Here's a great fan-fiction scenario you can have for free: Finn Polmar from "The Good Wife," Clara Oswald from "Doctor Who" and Philip Jennings from "The Americans," are caught up in a murder mystery set in and around a gorgeous English country house. Just for fun, let's say that events play out in the early 19th century.
I would pay good money to read a story like that, but I don't have to, because "Death Comes to Pemberley," a two-part miniseries that begins Sunday on PBS, scratches those itches. I found it enjoyable even though, I'm sad to say, the actors known for the characters listed above play entirely different people in this adaptation of the P.D. James mystery novel, which was a sequel to "Pride and Prejudice."
"Pemberley" is TV as comfort food: If you are like me and your self-soothing strategies include "sit down with a nice cup of tea and watch U.K. actors crush a well-appointed period piece," this drama might be right up your elegantly landscaped alley.
If it wasn't clear by now, I am almost always in the tank for fare of this kind. Country-house dramas and period pieces are a lifelong addictions that can be very hard to shake (witness my continued loyalty to "Downton Abbey," even though it frequently makes me want to fling a vase at my TV screen). If men in waistcoats and ladies in empire-waist dresses are really not your thing, "Pemberley" is not so exceptional that I feel compelled to make the case that non-waistcoat fans really must watch it.
No, this is for people who enjoy solid Jane Austen (and Austen-adjacent) adaptations and other fare of that kind. "Death Comes to Pemberley" is exactly what I expected it to be: A pleasingly executed diversion featuring capable and textured performances from actors in key roles.
Whoever cast this production knew exactly what they were doing, even if it wigged me out a bit to see the bad guy from "Happy Valley" as one of the romantic leads (and speaking of wigs, the lawyers and judge in "Pemberley" wear some real beauties. In case you had any doubts on this score, Englishmen who wore legal wigs in the Jane Austen era were not messing around.)
But I digress. My point is that Matthew Rhys and Anna Maxwell Martin are not only fine actors in their own right, they are perfectly matched in this piece. They're both terrific at conveying the interiority of a character: Both know exactly how to calibrate their faces to register the tiniest changes in emotional temperature, and both have an innate intelligence and empathy that helps inform their restrained, watchful and sometimes waspish characters.
The intelligence of the casting and the subtle diligence of these actors help smooth over some of the problems on "Pemberley" (there are flashbacks that are awkwardly inserted and the pace can be a tad too languorous). But what makes the thing work, in general, is that Martin and Rhys don't seem burdened by the fact that they are playing Elizabeth Bennet and Mr. Darcy of "Pride and Prejudice," two of the most legendary characters in the canon of Western literature. They wear the characters lightly, and the actors approach the Darcys as if they are flawed, well-intentioned people whose inherent wariness means they have to work at their relationship.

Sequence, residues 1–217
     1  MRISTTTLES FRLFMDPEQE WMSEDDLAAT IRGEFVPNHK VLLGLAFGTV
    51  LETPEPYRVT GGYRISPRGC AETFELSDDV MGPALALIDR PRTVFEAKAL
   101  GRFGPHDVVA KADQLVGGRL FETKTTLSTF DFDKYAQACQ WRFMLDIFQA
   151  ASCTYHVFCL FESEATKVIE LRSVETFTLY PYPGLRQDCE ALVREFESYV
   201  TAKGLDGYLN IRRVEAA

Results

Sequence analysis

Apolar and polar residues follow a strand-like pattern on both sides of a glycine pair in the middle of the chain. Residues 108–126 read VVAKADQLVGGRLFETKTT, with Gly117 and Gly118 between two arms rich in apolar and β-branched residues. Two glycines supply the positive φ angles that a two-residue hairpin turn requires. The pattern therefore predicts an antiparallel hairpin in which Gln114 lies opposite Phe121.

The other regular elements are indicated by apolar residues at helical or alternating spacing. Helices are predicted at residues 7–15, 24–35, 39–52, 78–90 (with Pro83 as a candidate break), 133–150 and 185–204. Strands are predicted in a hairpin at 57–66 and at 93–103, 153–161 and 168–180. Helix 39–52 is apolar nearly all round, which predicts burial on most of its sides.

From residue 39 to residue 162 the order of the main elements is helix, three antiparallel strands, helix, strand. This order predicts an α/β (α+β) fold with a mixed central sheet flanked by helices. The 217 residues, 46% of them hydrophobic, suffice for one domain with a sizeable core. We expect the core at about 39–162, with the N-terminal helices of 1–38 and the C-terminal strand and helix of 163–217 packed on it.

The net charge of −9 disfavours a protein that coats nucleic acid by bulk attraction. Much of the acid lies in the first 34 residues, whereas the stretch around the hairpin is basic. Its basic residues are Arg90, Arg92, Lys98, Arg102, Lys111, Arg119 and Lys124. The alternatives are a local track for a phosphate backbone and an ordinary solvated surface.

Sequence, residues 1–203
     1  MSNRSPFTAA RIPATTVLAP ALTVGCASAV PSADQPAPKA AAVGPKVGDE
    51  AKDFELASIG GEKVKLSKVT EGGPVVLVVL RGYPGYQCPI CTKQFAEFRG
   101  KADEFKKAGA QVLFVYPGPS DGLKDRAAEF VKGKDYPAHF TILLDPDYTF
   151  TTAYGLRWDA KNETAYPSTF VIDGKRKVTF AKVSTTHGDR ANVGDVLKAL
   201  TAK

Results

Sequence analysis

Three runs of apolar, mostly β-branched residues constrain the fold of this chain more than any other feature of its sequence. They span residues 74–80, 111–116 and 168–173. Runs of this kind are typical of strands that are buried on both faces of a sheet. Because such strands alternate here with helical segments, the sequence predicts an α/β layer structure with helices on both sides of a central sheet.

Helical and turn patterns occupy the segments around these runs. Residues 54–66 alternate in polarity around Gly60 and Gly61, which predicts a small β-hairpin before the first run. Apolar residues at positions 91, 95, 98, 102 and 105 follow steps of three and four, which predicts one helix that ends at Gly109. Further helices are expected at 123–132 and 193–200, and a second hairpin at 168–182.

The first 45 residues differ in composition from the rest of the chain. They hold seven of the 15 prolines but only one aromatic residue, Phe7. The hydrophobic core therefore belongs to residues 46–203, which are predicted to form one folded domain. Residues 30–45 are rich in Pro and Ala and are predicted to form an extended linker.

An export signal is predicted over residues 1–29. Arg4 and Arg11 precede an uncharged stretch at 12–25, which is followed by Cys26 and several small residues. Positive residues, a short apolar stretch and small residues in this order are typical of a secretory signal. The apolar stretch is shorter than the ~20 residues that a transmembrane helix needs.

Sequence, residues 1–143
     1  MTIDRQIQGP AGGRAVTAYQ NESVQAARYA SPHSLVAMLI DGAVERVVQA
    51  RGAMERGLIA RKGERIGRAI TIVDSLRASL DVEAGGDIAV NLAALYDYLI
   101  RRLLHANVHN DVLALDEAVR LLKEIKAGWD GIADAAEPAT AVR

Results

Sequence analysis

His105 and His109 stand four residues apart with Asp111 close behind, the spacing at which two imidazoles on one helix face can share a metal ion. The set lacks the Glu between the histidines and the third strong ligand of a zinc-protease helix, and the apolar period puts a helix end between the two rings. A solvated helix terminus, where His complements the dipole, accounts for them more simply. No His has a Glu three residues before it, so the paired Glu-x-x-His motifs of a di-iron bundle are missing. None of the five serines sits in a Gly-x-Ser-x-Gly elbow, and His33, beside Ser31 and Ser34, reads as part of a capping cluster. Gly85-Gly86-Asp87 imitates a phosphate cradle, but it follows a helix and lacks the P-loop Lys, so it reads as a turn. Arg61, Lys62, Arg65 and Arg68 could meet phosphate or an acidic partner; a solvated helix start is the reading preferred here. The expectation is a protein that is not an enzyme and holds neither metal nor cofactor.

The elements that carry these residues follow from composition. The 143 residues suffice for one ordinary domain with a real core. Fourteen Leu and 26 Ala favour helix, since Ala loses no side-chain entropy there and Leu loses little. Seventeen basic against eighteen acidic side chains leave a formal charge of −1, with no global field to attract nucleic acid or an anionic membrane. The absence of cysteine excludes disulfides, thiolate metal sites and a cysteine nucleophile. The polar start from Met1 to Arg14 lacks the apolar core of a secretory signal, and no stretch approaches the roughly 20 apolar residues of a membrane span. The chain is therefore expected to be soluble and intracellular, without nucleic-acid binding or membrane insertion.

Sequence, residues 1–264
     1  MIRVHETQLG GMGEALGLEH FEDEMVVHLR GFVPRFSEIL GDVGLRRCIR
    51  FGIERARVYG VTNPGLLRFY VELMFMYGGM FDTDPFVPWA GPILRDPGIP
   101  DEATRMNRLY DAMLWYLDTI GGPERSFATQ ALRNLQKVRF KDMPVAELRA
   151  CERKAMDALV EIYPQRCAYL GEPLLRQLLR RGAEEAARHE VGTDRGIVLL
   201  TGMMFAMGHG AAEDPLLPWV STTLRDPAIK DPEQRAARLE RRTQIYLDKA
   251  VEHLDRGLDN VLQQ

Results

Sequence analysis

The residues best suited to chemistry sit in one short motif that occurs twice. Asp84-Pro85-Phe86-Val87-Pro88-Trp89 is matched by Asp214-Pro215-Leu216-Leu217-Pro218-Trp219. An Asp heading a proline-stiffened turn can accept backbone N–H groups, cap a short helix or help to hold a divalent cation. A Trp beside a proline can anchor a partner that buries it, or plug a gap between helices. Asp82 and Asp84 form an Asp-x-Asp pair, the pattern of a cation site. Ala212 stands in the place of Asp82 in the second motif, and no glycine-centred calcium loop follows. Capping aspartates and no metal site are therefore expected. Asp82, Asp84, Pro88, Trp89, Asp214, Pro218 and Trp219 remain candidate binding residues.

I've seen a lot of Darcys in my time and Rhys may be the best: His version of the man is arrogant and impatient, but as he does so beautifully on "The Americans," Rhys shows that his character feels things deeply but has a hard time expressing those emotions. As for Martin, I'm a longtime fan of hers and loved her impeccable work in "The Bletchley Circle" (shoutout to the three other Americans who watched that show as well). Martin does a terrific job of conveying Elizabeth's fortitude in dealing with the challenges of an enormous household, and she ably conveys Elizabeth's fear that Darcy may regret his choice of spouse whenever members of her family hove into view.
Speaking of Lizzie's family, Jenna Coleman does a creditable job of making the flighty, selfish Lydia Bennet amusing and even, occasionally, understandable, and as the despicable Wickham, Matthew Goode has a lot of fun playing a dashing bad boy. Even if the second half of "Pemberley" does turn into "Ye Olde Law & Order," Goode and fellow cast members Trevor Even and James Norton turn the trial of Wickham into a moderately enjoyable spectacle.
Courtroom scenes aside, is "Pemberley" a chance for period-piece lovers to watch women in Empire-waist dresses float down the gorgeous stairways of a stately home? Yes, and what of it? Those images are a balm for the eyes, and the spine of James' crime story is sturdy enough to give the excellent cast something to work with.
There's a deeper layer as well, for those inclined to look for it. "Death Comes to Pemberley" is, at times, a meditation on the baggage that people bring into their marriages once the "happily ever after" has ceded pride of place to day-to-day reality. If that "reality" takes place in a fantastical landscape of polished coaches and top hats, well, what's wrong with that?
"Death Comes to Pemberley" airs Sunday, Oct. 26 and Nov. 2, on PBS (check local listings for times).